UPS Sues European Commission for Blocking its TNT bid

PUBLISHED: 13th March 2018

Photo to illustrate article

United Parcel Service Inc. (UPS) is suing the European Commission before the General Court of the European Union for €1.7 billion in compensation for damage it claims to have suffered when the Commission wrongly vetoed its attempted takeover of parcel delivery rival, TNT Express NV (TNT). 

The above follows the General Court’s decision to uphold the appeal by UPS in March 2017 and agreeing that the Commission had been wrong in blocking the deal.


On 30 January 2013, the Commission announced that it had decided under Article 8(3) of the EU Merger Regulation to prohibit the proposed acquisition of TNT Express by UPS.  The Commission found that the acquisition would have reduced competition for intra-EEA express small package delivery services in fifteen Member States, where, in some cases, DHL would remain the only viable competitor.  

It concluded that the merger would reduce choice for customers and would be likely to result in price increases.  The Commission did not accept that efficiency benefits resulting from the merger would outweigh the adverse impact on competition.  It also rejected a package of remedies offered by UPS.

UPS lodged an action with the General Court seeking the annulment of the Commission's decision.  On 7 March 2017, the General Court upheld the UPS action and annulled the Commission's decision.

The General Court found that the econometric analysis used by the Commission in its decision was based on an econometric model different from that which had been the subject of an exchange of views and arguments during the administrative procedure.  

The Commission made non-negligible changes to the analyses previously discussed with UPS.  In view of those changes, the Commission was required to communicate the final econometric analysis model to UPS before adopting the contested decision.  By failing to do so, the Commission infringed the rights of defence of UPS.

The General Court concluded that, during the administrative procedure, UPS might have been better able to defend itself if it had at its disposal, before the adoption of the contested decision, the final version of the econometric model chosen by the Commission.  Therefore, the General Court annulled the Commission's decision in its entirety.

Claim for damages by UPS

UPS, in bringing an action for damages before the General Court, states that it should be put in the position it would have been in, had the unlawful decision not been adopted, through compensation for the loss suffered as a consequence of the Commission's decision prohibiting the UPS / TNT Express merger. In this regard, UPS is asking the General Court to award it damages of €1.742 billion plus the interest and taxes it would pay on any windfall payment.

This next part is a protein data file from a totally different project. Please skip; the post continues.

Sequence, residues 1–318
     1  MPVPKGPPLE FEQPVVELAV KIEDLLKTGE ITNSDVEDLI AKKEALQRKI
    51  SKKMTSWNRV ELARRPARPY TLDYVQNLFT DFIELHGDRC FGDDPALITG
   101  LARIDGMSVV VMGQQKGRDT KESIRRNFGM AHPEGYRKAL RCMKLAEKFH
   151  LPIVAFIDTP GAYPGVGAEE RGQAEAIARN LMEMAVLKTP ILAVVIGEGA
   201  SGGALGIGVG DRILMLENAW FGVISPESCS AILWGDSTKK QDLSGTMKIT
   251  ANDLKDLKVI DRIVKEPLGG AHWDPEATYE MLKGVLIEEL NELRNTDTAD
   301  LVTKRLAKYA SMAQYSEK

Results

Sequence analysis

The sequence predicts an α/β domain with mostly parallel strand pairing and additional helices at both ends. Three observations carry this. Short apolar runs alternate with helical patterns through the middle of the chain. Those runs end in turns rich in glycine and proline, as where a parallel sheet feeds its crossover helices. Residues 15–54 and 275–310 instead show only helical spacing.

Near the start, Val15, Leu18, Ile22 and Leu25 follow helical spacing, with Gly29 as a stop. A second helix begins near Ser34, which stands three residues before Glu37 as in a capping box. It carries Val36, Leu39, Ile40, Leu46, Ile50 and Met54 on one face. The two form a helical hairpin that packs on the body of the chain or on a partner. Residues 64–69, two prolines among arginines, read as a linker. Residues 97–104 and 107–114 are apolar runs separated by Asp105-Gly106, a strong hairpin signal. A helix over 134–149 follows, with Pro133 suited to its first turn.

UPS claims that that the Commission's decision is tainted with serious breaches of rules of law that are intended to confer rights on UPS.  Each breach individually underpinned the decision and prevented UPS from acquiring TNT, and from materialising the benefits associated with that proposed transaction.

UPS claims that the following breaches are a serious contravention of the law: those concerning the price concentration analysis, the efficiencies analysis, the assessment of FedEx’s competitiveness and the assessment of the closeness of competition made in the Commission decision.

UPS submits that each of these breaches, whether considered individually or together, rendered the decision invalid and led to the order for annulment.  In addition, these breaches in turn caused UPS's loss because had they not taken place, UPS would have acquired TNT.  Without any one of the erroneous price concentration analyses, the efficiencies analysis, the assessment of FedEx’s competitiveness and the closeness of competition assessment, no ordinarily prudent and diligent administration would have prohibited the proposed transaction.

The Commission has appealed against that General Court ruling before the Court of Justice of the European Union.

Marco Hickey is Partner and Head of the EU, Competition and Regulated Markets team at LK Shields Solicitors. Marco is the author of Merger Control in Ireland published by Thomson Reuters, which is the first book exclusively devoted to merger control in Ireland.

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